The veteran tactician could not refuse a request to dig up happy memories of Australia's epic clash with his Italy team while preparing to coach against A-League opposition
One of the great coaches of his generation and now approaching the twilight of his professional years, Lippi remains supremely focused.
As a matter of professional courtesy, the 66-year-old indulged a marathon press conference on Monday, with many questions tenuously related to the following night's AFC Champions League Group G clash, and some not all.
Has he spoken to his former charge, Sydney FC's Alessandro Del Piero, since arriving in Australia? Will Guangzhou's own Italian star Alessandro Diamanti, injured for Tuesday's game, be selected in Cesare Prandelli's Italy squad for the World Cup?
How does he feel about being compared to his former player Antonio Conte, now guiding Juventus back to the heights they previously enjoyed under Lippi's reign? How long will he continue to coach for, and will his next role be in club or international football?
Despite each topic being washed through a combination of English, Chinese and Italian translation, no issue was too small, unrelated or inconsequential for a man who has won Serie A, the Coppa Italia, the UEFA Champions League and the FIFA World Cup.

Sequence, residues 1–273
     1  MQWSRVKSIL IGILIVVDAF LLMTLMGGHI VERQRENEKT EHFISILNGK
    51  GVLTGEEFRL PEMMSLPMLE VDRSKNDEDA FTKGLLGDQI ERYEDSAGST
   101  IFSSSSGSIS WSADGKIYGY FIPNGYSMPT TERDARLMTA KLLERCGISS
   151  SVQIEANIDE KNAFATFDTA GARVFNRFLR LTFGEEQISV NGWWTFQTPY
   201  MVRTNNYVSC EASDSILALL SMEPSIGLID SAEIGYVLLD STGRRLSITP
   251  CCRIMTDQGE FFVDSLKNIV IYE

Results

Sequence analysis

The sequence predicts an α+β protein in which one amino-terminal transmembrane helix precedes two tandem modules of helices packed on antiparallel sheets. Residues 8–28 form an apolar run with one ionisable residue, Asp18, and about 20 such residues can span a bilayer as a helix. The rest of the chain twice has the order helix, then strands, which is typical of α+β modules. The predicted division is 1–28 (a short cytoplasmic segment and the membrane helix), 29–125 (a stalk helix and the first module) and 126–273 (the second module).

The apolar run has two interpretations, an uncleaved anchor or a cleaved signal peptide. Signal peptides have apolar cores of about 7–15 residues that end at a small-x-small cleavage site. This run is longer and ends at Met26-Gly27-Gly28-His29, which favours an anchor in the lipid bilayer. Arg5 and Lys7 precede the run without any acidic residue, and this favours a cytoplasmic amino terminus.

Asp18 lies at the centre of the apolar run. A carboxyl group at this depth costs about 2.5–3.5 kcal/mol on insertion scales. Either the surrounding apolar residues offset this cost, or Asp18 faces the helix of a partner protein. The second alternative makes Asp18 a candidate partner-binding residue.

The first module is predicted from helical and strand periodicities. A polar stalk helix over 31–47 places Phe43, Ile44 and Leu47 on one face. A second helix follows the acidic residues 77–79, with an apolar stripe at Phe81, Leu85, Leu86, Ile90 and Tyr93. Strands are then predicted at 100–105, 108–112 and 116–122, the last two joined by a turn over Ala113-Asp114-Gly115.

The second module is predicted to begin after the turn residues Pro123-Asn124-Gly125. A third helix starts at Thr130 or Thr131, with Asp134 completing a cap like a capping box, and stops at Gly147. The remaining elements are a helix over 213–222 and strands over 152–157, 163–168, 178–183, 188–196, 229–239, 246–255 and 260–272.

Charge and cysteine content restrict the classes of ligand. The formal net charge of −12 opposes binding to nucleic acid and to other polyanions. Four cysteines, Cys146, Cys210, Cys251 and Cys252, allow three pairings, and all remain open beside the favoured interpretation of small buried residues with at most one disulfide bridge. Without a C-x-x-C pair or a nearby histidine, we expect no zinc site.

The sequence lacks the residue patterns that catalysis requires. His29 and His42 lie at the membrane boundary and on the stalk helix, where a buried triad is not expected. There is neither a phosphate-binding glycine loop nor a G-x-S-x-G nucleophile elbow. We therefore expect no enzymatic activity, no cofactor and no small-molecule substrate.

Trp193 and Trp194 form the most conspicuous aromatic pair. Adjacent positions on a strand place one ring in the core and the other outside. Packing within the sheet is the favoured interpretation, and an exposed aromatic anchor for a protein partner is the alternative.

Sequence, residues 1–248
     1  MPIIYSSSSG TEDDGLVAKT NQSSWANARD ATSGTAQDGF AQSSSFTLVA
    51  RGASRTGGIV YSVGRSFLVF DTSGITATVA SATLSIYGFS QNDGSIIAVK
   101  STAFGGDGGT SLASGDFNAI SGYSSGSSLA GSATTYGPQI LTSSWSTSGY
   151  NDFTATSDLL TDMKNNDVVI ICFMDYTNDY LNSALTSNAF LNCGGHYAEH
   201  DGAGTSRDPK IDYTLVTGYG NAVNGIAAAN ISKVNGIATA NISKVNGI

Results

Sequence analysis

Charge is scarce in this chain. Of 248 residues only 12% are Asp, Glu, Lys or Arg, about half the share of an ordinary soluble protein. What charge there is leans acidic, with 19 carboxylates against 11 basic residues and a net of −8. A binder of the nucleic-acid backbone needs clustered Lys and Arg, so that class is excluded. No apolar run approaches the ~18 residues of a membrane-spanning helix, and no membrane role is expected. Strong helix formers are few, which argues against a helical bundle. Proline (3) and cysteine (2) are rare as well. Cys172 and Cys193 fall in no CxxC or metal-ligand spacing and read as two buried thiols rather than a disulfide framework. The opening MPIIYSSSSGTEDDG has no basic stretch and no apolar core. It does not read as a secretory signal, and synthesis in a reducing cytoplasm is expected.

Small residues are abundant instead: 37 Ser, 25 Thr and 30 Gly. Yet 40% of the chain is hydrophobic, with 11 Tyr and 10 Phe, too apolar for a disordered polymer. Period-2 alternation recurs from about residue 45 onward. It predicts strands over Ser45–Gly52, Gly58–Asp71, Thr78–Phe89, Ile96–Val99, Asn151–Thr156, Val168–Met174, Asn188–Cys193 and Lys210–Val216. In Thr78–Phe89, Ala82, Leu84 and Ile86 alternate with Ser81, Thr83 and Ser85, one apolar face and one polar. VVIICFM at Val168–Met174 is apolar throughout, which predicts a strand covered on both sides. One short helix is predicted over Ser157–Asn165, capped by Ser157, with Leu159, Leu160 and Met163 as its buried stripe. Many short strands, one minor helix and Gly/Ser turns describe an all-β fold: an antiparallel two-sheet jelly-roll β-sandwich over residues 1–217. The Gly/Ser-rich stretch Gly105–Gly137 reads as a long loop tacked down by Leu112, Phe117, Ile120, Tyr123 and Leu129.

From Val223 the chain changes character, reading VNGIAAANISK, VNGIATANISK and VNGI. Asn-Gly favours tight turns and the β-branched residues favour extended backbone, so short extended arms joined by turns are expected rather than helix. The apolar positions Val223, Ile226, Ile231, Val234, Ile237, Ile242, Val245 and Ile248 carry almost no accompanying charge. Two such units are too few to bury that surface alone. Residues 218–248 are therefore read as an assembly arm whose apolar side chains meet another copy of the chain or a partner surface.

Only when matters turned to that game between Australia and the Azzurri in Kaiserslautern eight years ago did a wistful element enter Lippi's tone of voice, and a gleam light up his shrewd, piercing eyes.
"During the World Cup in Germany in 2006, I remember a really good team," he said.
"It was the team coached by my friend Mr (Guus) Hiddink. I remember really well that match. We had 10 players because (Marco) Materazzi got a red card. For one hour we had found it really difficult to perform well.
"Only at the end of the match with the penalty did we finally win against Australia. But I remember at that time the Australian national team was a really good team."
Socceroos supporters will of course remember the team just as fondly, and doubtless have rather less rosy memories of the controversial conclusion to the game.
On Tuesday it won't be the nation's hopes on the line against a side with Lippi at the helm, only those of Victory supporters, who are likely to place rather more importance on the outcome of Friday's elimination final against Sydney FC.
But regardless of whether he's coaching in front of an empty stadium in Melbourne's Docklands or on the biggest stage in the football world, Lippi's ultra-professional approach remains unaltered.
"We are ready to play the match," he said when asked about the absence of Diamanti and the suspended Gao Lin.
"After our match at home I have also watched the other games of Melbourne Victory in the group. I know this team. I know now that we're almost at the end of the group so for every match it's really important. They will try their best to perform well tomorrow against us. We know them (Victory)."
That attention to detail has been the open secret of Lippi's success during 32 years as a coach and there is every chance, despite the best endeavours of Kevin Muscat and his players, it will prove to be Melbourne Victory's undoing this week.